Connect with us

Published

on

[ad_1]

Amid the fallout from a stunning Republican loss in Georgia that effectively hands control of the U.S. Senate to Democrats, we’re already seeing commentary and think pieces about how this means the end of Trumpism, that Donald Trump killed the GOP, that Trump sabotaged his own party, and so on.

Not so fast. Yes, President Trump will leave office having served only one term, but consider where he will leave his party relative to his previous two predecessors. When George W. Bush left office, he left behind eight fewer GOP Senate seats and 21 fewer House seats. Democrats comfortably controlled the Congress and the White House, having made substantial gains in two consecutive elections, the 2006 midterms and the 2008 general—something no party had done since the 1930s.

By the time Barack Obama left office, his party had been decimated. Sure, Democrats gained two Senate seats and six House seats in 2016, but it wasn’t anywhere close enough to make up for historic losses in the 2010 and 2014 midterms. In the latter, Republicans won the largest Senate majority for either party since 1980, while gains in the House gave the GOP its largest majority since 1928. All told, Obama oversaw the net loss of 12 Senate seats and 64 House seats.

On the state level, Obama’s tenure was marked by the largest loss of power since Ike Eisenhower. When Obama took office in 2009, Democrats controlled both chambers in 27 states. When he left, it was only 13. Under Obama, Democrats lost 13 governorships and a total of 813 state legislative seats. Between the 2010 and 2014 midterms, Republicans gained control of 33 state legislatures.

By comparison, Trump is leaving his party in good shape. Yes, Democrats control the presidency, the House, and effectively control a split Senate. But Democratic House Speaker Nancy Pelosi’s majority is razor-thin—and about to get thinner. President-elect Joe Biden has picked three Democratic House members to serve in his administration, which means Pelosi will have only a three-seat majority when the next Congress convenes.

Democrats failed to unseat a single House Republican in 2020 while losing Democratic incumbents nationwide. Democrats failed to gain control of a single state legislature, while Republicans netted about 60 state House seats and more than a dozen state Senate seats across the country. Democrats failed to gain any governorships, and in fact lost one in Montana, the only governorship to change party hands in 2020.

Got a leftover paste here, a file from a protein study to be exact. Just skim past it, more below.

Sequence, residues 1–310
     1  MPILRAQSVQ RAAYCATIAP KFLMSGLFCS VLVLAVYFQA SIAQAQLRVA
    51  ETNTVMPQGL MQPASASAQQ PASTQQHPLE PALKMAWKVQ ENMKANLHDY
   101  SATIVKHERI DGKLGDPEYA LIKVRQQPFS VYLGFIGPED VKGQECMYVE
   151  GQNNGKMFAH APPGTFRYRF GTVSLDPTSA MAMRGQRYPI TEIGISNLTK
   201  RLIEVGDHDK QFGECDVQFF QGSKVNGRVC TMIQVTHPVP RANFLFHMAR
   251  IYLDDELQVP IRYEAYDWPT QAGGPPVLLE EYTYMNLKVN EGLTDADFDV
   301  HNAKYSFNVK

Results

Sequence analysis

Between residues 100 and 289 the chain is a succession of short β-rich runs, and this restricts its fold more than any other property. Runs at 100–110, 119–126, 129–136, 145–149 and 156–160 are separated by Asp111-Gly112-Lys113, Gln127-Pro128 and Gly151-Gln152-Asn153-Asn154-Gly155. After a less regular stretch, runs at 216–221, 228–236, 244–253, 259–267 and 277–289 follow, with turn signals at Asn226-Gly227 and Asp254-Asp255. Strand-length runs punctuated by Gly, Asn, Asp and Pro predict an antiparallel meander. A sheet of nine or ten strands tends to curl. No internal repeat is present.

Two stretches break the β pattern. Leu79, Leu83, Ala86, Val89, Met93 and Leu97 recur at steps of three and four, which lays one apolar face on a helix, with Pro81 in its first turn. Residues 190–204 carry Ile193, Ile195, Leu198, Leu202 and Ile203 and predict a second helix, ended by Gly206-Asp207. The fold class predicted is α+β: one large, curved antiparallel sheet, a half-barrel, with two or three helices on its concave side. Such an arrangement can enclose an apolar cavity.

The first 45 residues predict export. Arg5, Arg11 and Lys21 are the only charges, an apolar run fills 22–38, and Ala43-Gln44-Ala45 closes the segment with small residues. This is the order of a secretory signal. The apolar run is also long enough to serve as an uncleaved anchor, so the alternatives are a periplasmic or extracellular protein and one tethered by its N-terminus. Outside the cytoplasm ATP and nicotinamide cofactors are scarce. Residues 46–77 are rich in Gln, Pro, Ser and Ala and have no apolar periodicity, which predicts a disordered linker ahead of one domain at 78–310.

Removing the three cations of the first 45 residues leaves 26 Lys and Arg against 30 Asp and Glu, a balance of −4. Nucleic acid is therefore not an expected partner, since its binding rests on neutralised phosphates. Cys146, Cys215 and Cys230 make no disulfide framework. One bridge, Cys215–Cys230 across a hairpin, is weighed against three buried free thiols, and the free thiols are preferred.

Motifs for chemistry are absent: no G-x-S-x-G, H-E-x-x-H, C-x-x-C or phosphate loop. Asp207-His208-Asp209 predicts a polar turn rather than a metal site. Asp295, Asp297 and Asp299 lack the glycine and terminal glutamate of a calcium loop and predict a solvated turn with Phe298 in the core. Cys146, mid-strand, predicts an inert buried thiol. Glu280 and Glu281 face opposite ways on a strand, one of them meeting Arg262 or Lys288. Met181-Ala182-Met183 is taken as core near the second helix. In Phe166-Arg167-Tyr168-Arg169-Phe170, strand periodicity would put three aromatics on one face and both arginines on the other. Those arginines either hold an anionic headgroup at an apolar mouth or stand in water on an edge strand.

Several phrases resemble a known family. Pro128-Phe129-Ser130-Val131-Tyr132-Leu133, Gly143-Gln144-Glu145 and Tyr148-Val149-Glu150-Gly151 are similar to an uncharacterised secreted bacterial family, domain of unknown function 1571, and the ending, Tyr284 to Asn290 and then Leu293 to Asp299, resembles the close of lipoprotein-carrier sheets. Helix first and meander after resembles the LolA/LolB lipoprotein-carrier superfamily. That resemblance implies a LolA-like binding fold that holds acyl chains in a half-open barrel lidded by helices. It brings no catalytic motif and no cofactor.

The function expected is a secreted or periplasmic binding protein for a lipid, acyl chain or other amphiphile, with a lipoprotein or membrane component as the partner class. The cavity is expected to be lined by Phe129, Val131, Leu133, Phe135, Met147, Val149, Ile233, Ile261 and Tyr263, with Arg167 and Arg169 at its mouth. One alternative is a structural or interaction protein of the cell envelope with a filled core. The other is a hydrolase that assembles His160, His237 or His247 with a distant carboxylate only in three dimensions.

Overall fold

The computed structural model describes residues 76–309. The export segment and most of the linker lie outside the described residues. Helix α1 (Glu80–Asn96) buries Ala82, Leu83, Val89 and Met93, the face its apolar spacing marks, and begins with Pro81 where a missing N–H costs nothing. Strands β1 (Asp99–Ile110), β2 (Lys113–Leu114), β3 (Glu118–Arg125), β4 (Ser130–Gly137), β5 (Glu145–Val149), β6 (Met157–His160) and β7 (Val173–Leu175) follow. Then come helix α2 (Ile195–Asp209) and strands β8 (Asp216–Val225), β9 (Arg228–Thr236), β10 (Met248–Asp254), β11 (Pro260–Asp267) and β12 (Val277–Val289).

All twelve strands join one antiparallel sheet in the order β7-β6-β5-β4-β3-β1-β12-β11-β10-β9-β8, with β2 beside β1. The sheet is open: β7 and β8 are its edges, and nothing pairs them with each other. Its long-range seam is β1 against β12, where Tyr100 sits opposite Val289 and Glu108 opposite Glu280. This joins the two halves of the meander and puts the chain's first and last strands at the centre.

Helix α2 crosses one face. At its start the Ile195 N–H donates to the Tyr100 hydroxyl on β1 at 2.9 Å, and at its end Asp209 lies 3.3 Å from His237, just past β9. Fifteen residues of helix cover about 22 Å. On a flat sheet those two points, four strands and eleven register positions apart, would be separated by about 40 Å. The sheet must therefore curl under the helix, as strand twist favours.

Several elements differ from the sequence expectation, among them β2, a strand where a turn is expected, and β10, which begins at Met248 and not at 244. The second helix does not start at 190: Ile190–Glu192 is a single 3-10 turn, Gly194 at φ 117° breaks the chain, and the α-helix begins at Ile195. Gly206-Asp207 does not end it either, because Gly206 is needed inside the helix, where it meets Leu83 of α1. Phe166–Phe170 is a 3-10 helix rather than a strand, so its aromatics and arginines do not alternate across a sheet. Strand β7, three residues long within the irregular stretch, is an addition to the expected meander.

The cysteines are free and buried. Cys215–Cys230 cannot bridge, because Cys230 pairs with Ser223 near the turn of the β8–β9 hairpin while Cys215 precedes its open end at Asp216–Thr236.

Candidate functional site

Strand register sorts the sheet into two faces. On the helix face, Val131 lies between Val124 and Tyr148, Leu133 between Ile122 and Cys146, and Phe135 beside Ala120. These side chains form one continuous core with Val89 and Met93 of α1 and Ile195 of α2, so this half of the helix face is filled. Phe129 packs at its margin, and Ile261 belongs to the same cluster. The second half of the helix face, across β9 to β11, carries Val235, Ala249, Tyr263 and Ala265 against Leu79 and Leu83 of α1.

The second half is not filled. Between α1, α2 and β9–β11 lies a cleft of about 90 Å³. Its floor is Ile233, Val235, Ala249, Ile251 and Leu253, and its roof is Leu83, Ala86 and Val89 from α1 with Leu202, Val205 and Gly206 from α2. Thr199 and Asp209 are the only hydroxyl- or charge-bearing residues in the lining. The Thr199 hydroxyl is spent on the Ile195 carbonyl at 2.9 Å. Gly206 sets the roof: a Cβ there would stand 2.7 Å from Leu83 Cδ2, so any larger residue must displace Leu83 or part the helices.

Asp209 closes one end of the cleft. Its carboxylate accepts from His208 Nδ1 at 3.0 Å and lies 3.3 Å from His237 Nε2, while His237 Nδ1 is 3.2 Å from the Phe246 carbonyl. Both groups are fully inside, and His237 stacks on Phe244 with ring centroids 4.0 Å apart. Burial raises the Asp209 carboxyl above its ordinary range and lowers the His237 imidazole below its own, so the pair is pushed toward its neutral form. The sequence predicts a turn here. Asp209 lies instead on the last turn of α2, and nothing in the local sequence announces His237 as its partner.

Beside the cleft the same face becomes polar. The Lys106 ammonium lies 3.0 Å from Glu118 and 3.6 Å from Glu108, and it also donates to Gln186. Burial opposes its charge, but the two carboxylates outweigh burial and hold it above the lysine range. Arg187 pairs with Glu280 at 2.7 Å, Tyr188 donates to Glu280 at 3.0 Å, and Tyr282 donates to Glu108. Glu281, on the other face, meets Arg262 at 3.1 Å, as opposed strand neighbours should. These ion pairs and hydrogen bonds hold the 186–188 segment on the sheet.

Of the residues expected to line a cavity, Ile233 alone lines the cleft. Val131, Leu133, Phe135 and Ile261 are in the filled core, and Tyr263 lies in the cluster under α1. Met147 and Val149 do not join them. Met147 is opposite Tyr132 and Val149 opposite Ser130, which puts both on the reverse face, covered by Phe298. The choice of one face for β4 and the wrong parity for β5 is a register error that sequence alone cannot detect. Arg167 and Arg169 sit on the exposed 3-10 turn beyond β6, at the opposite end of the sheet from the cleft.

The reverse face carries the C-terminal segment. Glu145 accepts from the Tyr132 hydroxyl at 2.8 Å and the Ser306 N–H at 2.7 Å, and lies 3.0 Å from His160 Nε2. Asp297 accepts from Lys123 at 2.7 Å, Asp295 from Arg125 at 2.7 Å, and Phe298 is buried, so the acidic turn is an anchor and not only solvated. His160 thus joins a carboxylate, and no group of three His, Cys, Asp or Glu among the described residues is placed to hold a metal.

None Of This Means The GOP Is Doing Well

All of the above is of course relative. Trump didn’t sabotage his party, but his victory in 2016 did signal the end of the GOP as we knew it—not because Trump was going to kill the Republican Party (as I suspected might happen when he won the party’s nomination) but because his election meant the electorate had already changed, and profoundly.

Republican voters, along with millions of Independents and moderate Democrats, were fed up with an entrenched establishment beholden to a donor class whose interests conflicted with those of ordinary people. The chasm between these two groups was (and still is) especially obvious on issues like immigration, free trade, and foreign policy. For too long, Republican leaders paid lip service to what voters want—a secure border, protections for American workers, an end to foreign wars—while doing what the donors wanted.

Advertisement

Trump was in many ways the perfect candidate to channel these frustrations, which he did with aplomb and sincerity, given his long opposition to U.S. elite consensus on these issues. His 2016 victory underscored just how dead the old GOP consensus was—the Cold War “fusionism” that kept otherwise disparate elements of the Republican coalition together. Once in office, resistance to his agenda from within the GOP establishment made these divisions even more visible.

What became clear, at least outside the corporate media echo-chamber, was that the old Republican Party was already dead—had been dead since before Trump came along. Trump’s election offered the party new life and a new direction.

Instead of being beholden to a wealthy donor class and the exhausted ideas and slogans of the Reagan era, Republicans could embrace populism and become a right-of-center, multiracial, working-class party. Studies of the 2016 electorate indicated GOP voters were more economically liberal and socially conservative than anyone had thought, while Democrats were moving steadily to the left on both counts.

The question was, would Republican elites take up the gauntlet and try to transform their party along these lines? Some did, some didn’t. The old guard, people like Sens. Mitch McConnell and Mitt Romney, didn’t. A certain segment of the GOP establishment was never going to go along with a populist movement on the right, whether Trump was connected to it or not.

Indeed, as the dust settles from Georgia we are likely to hear again and again from establishment types who never supported Trump in the first place. They will say the loss of the Republican majority in the Senate, like the loss of the White House, is all Trump’s fault, and that in fact the last four years of a Trumpist (that is, a populist) GOP was all a huge mistake.

But Trump’s loss and the loss of the Senate, bad as it might seem for an emergent GOP populism, aren’t going to bring back the pre-Trump Republican status quo. Simply put, the failure of the Republican establishment was responsible for Trump’s rise, and Trump’s fall will not undo that decades-long failure—nothing will. That party, such as it was, is gone forever.



[ad_2]

Advertisement
Comments

Politics

Convicted fundraiser who tried to work his way into Biden’s inner circle sentenced to prison

Published

on

Amajor Democratic bundler, who raised large sums for Barack Obama and Hillary Clinton and consorted with Joe Biden, was sentenced to 12 years in prison for what prosecutors said was a “mercenary” political influence scheme.

Imaad Zuberi, a Californian businessman was sentenced Thursday for schemes to funnel foreign money into U.S. political campaigns, then take millions of dollars for himself.